2 men die at Sparks office

Police call shooting at firm an apparent murder-suicide

November 17, 2006|By Julie Scharper and Nick Shields | Julie Scharper and Nick Shields,Sun reporters

A meeting between a worker and his supervisor ended with gunfire and both men dead in an apparent murder-suicide yesterday at a biotechnology company's northern Baltimore County offices, police said.

The early-afternoon shootings occurred at BD Diagnostic Systems in the Loveton Center business park in Sparks. The men were alone in an office when other workers reported hearing shots, a county police spokesman said.

"Right now, we don't know what the motive was or what the meeting was about," the spokesman, Cpl. Michael Hill, told reporters at a news conference shortly after the shooting. "This is a horrible event for all the people in this office."

Police would not say whether a gun was recovered or how many shots witnesses reported hearing.

They said that they would not release the names of the victims until today, but family members identified the supervisor who died as Harold Creech, 59.

Creech, a native of North Carolina, moved to New Freedom, Pa., nine years ago when he went to work at BD Diagnostics, said Susan Glack, who acted as family spokeswoman after Creech's wife, Linda, was reached last night. He supervised the information technology department at the office, Glack said.

"He was a very positive person, and liked by everyone, and he liked the company," she said.

Creech traveled frequently between New Freedom and Greensboro, N.C., where his wife continues to live. The couple has two adult children, Glack said.

Yesterday, police interviewed BD Diagnostics employees who may have been potential witnesses.

The Sparks facility manufactures instruments to test for infectious diseases, said Colleen T. White, a spokeswoman with BD Inc. BD Diagnostics is a division of the larger company.

Looking dazed, workers carrying lunchboxes trickled out of the building yesterday afternoon. They spoke reassuringly to each other in a parking garage as a steady rain fell outside.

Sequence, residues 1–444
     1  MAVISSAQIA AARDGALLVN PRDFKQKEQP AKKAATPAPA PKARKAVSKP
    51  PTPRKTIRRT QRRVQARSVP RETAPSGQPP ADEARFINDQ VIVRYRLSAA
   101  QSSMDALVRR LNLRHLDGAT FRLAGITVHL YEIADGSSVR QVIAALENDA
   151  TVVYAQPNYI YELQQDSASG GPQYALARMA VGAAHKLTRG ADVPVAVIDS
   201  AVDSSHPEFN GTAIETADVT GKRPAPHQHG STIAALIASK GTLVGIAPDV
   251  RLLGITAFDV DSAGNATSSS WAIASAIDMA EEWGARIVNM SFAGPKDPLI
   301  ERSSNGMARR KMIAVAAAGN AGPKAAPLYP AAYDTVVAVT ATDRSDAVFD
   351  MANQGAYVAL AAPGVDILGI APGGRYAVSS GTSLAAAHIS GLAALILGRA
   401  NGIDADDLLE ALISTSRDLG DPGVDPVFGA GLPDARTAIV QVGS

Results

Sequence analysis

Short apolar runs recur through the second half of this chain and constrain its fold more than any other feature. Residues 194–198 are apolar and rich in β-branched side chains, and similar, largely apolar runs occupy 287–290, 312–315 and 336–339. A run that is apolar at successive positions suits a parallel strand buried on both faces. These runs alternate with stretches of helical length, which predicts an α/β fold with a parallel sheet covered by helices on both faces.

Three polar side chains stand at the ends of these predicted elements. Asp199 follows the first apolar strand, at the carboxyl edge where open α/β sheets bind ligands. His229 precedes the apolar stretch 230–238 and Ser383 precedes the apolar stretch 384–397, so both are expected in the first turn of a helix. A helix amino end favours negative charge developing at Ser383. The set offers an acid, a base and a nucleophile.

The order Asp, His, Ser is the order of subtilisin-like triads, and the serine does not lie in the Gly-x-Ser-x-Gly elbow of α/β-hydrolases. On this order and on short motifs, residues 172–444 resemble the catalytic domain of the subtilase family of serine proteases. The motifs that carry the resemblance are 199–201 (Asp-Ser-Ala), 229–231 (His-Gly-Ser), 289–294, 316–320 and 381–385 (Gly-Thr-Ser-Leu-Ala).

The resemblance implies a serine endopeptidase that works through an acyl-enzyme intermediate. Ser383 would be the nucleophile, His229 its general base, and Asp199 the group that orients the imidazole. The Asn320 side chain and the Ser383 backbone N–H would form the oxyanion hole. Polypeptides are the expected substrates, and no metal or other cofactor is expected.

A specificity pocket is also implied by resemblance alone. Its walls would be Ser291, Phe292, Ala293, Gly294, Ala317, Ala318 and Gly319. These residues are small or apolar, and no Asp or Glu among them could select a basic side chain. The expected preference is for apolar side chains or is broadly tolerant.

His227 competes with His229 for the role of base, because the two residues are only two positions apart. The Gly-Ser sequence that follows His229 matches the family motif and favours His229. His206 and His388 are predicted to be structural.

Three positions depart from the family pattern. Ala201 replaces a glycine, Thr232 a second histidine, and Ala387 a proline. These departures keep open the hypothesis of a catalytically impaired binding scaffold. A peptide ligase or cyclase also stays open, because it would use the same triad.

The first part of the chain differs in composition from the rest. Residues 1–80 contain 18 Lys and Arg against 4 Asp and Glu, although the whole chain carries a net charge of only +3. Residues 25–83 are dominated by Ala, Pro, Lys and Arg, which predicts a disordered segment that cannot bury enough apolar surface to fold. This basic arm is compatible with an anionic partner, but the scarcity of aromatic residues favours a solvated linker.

Police swarmed the building and paramedics rolled an empty stretcher out of the door.


"It's unreal," said one employee who declined to give her name.

She and other co-workers said that company officials had told employees not to speak with reporters.

The woman said that she learned of the shooting when she saw a nurse running down a hallway with a wheelchair. The nurse shouted that she needed another wheelchair because two employees had been injured, the employee said.

"It's just terrible," said another employee. "I can't believe anything like that happened there. It's a great place to work."

The man said that the shooting occurred in the information technology department. He described the supervisor as a friendly man who always waved to him.

The employee, who works on the other side of the building, said he was unaware of the incident until a friend called him about 2:30 p.m. to make sure he was all right.

The company sent out an office-wide e-mail about a half-hour later to let employees know that there had been a shooting, and that counselors were on hand for anyone who wanted to talk to someone.

BD Inc., formerly known as Becton, Dickinson and Co., is a medical technology company that serves health-care institutions, life science researchers, clinical laboratories, industry and the general public.

Headquartered in Franklin Lakes, N.J., with offices in nearly 50 countries and more than 25,000 employees worldwide, the company manufactures and sells a range of medical supplies, devices, laboratory equipment and diagnostic products, according to its Web site.

The company has three distinct operations - BD Biosciences, BD Medical and BD Diagnostics.

The Sparks office, built in the mid-1980s, employs 500 people in manufacturing, research and development, information technologies, marketing, sales and administrative jobs, according to White, the company spokeswoman.

`World leader'

The company unit is identified on BD's Web site as "the world leader in microbiology products."

Adjacent to that office is a separate, $6.5 million manufacturing plant associated with BD Biosciences that opened in 2000 with 130 new jobs.

The newer plant produces dehydrated bacteriological culture medium, a powder that is used to help grow and analyze bacteria.

BD employs 1,700 people in Maryland, White said.

"It's a terrible tragedy and we extend our deepest condolences," she said.

In a written statement, Diane Polk, a vice president of human resources with BD Diagnostic Systems in Sparks, said: "On behalf of BD and its employees, we extend our condolences to all of the families who were affected by this terrible tragedy."

julie.scharper@baltsun.com nicholas.shields@baltsun.com

Sun reporter Jennifer McMenamin contributed to this article.

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